- Indonesia is the world’s largest coral reef nation.
Q4. Which one of the following statements best describes Moon Wobble?
- It is an intense geological activity on the largest moon in the solar system
- When there are two full moons within a month, the second full moon is called a Moon Wobble
- It is a cyclical shift in the moon’s orbit that happens every 18.6 years
- None of the above
- The moon wobble is a regular swaying/cyclical shift in the moon’s orbit. It was first documented in 1728.
- This wobble takes over an 18.6-year period to complete and continues to occur in a cyclic fashion.
- One half of the 18.6-year cycle suppresses the tides, which means that the high tides get lower, while the low tides get higher than normal. Once this cycle completes, the situation flips with high tides getting higher and low tides, lower.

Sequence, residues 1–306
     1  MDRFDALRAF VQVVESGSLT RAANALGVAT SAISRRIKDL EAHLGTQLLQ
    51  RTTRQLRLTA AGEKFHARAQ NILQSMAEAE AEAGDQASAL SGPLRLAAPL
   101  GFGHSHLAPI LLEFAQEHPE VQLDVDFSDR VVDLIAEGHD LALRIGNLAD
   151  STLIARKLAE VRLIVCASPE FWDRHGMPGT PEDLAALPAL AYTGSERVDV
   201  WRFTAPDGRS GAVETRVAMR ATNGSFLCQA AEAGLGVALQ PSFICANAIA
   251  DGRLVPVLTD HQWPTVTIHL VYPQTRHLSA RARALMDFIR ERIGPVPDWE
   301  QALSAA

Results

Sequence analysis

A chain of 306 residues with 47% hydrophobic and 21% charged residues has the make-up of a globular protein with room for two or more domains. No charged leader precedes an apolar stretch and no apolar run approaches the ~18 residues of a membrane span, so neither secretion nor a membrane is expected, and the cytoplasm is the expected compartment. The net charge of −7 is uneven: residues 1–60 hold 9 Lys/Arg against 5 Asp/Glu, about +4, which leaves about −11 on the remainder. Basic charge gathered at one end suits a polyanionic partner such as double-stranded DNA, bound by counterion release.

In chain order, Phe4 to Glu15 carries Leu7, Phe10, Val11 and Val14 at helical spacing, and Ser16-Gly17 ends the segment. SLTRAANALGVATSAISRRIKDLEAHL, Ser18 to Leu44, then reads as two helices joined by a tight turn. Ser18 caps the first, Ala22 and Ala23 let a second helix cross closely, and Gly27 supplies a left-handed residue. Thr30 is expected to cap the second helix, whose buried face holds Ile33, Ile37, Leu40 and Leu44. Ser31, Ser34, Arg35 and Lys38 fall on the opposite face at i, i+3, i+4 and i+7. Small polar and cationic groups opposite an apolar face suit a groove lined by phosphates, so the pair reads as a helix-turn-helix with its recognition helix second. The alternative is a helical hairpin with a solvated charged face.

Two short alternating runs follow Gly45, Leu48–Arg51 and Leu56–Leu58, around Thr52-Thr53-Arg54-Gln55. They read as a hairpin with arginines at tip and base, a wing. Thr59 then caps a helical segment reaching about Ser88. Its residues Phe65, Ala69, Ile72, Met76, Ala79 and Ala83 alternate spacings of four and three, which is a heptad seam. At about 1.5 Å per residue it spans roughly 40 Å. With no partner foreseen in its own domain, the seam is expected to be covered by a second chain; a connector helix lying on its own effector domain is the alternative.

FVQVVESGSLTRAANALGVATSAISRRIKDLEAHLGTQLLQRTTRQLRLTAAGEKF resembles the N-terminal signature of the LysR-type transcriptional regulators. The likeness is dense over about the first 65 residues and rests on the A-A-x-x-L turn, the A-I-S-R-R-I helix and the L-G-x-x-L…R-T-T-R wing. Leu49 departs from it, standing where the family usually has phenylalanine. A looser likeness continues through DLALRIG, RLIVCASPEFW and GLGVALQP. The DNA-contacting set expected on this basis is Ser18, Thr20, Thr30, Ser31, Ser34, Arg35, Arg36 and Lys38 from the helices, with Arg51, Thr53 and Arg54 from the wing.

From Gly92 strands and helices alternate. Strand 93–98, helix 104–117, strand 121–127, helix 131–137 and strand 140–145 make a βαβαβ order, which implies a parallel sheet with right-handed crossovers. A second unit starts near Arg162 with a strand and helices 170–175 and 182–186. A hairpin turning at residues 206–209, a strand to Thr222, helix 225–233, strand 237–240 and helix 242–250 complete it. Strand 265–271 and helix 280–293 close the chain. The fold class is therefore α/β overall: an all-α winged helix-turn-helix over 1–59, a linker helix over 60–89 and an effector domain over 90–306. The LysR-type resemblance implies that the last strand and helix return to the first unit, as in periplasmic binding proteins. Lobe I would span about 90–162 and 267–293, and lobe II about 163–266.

Q5. The mind of the makers of the Constitution of India is reflected in which of the following? (UPSC 2017)
- The Preamble
- The Fundamental Rights
- The Directive Principles of State Policy
- The Fundamental Duties
The mind of the makers of the Constitution is reflected in the Preamble. It contains a summary or the essence of the Constitution. The Preamble to the Constitution of India comprises the aims and vision of the Constituent Assembly as well as makes a mention of the source of authority of the Constitution.
I. UPSC Mains Practice Questions
- The recent internal developments in Nepal have opened a new chapter in the country’s quest for political stability. What lessons does it offer for Indian diplomacy towards Nepal? Examine. (250 words; 15 marks) (GS 2 International Relations)
- The draft Trafficking in Persons (Prevention, Care and Rehabilitation) Bill, 2021 intends to stamp out exploitative trafficking. Critically discuss. (250 words; 15 marks) (GS 2 Polity and Governance)
Read the previous CNA here.
CNA 19th July 2021:- Download PDF Here